"He was all over it," says Dermot. "He wanted to be involved in everything. I think he found it really hard being away from home when all of this was happening.
"He took a step back at first and said, 'I'll let Majella deal with this', but it's his house, too. He's out on tour the whole time. He's on the back of a bus; he's in hotels. So his home is his refuge and his base. Plus, it's also his local village. It's where he grew up."
The next step was getting everyone on the same hymn sheet. While Majella liked the sound of Dermot's more extensive plans, Daniel didn't think there was anything wrong with the house.
"He was right," says Dermot. "There was nothing wrong with it. It was a nice big house, but it was generic... and he hates me using that word!"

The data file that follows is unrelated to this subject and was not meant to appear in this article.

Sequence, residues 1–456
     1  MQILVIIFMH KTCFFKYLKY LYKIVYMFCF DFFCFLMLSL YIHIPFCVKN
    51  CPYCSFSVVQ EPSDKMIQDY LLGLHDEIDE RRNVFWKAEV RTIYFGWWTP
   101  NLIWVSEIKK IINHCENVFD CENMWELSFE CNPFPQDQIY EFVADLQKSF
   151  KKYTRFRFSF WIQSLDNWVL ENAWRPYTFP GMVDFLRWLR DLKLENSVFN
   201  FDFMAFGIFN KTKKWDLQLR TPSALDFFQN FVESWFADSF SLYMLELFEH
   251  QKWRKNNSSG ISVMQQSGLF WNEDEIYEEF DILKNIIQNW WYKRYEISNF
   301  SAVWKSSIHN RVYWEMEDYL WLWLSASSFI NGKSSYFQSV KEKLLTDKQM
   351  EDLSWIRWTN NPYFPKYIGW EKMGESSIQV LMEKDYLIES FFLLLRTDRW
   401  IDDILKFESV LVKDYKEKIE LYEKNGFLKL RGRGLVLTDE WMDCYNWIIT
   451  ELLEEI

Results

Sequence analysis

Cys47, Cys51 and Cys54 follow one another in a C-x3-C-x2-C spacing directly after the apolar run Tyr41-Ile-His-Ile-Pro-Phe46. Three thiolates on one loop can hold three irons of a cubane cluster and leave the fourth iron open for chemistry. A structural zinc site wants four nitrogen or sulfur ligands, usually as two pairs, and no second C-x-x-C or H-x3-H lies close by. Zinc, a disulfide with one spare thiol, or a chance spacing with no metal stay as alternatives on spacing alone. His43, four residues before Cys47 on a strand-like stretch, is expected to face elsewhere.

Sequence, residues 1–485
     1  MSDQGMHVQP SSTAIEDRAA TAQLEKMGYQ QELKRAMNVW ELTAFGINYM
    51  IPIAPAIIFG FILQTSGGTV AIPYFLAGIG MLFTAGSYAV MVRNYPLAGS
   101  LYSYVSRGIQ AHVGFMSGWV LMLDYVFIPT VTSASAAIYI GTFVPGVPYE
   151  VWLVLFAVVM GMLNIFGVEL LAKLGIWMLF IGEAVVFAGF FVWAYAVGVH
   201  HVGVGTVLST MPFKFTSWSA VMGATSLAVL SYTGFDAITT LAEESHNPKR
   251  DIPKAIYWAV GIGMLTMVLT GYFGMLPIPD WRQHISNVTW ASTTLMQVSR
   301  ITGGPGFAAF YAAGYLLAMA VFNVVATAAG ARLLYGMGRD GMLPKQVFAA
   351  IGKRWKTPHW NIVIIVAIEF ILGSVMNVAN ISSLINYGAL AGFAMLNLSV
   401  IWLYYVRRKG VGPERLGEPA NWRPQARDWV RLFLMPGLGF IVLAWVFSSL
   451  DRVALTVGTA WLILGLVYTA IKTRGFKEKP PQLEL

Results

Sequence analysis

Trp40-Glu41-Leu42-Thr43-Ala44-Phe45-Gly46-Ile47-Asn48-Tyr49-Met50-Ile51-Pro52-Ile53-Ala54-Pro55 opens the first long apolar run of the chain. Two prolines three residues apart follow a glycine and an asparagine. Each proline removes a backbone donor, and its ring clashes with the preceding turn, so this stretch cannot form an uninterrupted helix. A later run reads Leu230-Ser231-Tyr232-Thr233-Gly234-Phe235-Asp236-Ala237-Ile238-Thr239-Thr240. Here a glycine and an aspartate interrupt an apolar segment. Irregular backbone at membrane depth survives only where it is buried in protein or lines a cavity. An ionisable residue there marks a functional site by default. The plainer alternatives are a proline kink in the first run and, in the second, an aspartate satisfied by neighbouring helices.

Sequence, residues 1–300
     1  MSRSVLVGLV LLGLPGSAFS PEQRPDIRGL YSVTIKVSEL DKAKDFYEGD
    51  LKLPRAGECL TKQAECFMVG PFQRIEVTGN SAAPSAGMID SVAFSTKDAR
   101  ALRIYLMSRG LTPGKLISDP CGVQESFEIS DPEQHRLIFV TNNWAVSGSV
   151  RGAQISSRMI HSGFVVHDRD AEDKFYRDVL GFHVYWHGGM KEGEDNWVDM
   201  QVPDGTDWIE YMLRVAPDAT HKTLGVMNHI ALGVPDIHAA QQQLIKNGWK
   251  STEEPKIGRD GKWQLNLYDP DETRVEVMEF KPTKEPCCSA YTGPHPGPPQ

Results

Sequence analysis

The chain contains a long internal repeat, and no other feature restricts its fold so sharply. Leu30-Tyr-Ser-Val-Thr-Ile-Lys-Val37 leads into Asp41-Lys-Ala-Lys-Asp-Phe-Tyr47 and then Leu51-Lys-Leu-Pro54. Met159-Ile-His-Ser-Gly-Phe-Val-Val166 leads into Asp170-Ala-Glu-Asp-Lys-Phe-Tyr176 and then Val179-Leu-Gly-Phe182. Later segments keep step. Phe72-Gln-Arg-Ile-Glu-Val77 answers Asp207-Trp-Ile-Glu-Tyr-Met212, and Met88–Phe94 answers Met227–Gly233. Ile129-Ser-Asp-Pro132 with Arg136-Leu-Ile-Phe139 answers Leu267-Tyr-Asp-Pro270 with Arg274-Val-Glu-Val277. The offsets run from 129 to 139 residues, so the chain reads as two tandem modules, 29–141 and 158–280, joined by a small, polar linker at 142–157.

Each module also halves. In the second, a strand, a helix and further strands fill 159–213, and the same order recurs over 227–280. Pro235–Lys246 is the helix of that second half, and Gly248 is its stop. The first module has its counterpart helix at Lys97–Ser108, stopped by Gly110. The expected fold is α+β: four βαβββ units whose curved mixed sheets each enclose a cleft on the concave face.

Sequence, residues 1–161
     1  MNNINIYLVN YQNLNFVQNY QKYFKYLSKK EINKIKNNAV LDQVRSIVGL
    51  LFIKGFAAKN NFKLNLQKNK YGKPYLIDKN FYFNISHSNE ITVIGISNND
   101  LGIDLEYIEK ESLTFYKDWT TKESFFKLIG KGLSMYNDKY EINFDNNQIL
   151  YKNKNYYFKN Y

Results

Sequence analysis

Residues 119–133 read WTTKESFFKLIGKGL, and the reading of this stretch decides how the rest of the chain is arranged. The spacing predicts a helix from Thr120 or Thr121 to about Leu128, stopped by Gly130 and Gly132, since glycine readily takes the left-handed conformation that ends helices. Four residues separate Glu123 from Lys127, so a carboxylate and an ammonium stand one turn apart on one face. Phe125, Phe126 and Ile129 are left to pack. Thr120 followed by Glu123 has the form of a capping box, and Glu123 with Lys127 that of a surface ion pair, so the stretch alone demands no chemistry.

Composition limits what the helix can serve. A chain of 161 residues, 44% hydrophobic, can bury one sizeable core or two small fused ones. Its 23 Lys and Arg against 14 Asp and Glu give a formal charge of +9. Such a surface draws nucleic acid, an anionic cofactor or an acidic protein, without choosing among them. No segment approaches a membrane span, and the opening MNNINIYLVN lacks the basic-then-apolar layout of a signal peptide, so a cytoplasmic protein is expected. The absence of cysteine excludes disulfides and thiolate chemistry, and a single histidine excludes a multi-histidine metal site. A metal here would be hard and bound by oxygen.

With schedules and opinions conflicting, it's hardly surprising that there was a showdown early on in the process, during which Daniel became "quite annoyed".
"It happened fairly early on in the project and it slightly unnerved me," says Dermot. em ... I haven't seen the episode yet but I'd say it will be hard enough to watch."
While the architect is careful not to share too many spoilers, Majella is a little more forthcoming. "The first time Lisa [the show's quantity surveyor] came with the budget, it was one-and-a-half times more than what we said our budget was," she explains. "He comes and tells you what you can have and then the surveyor says, 'No, you can't have that'. It's like taking sweeties off a child and I know that upset Daniel a bit."
They got past it, though, and as Dermot says, it's just part of the process. "There are ups and downs on every project and theirs is no different. It's their money and it's their home."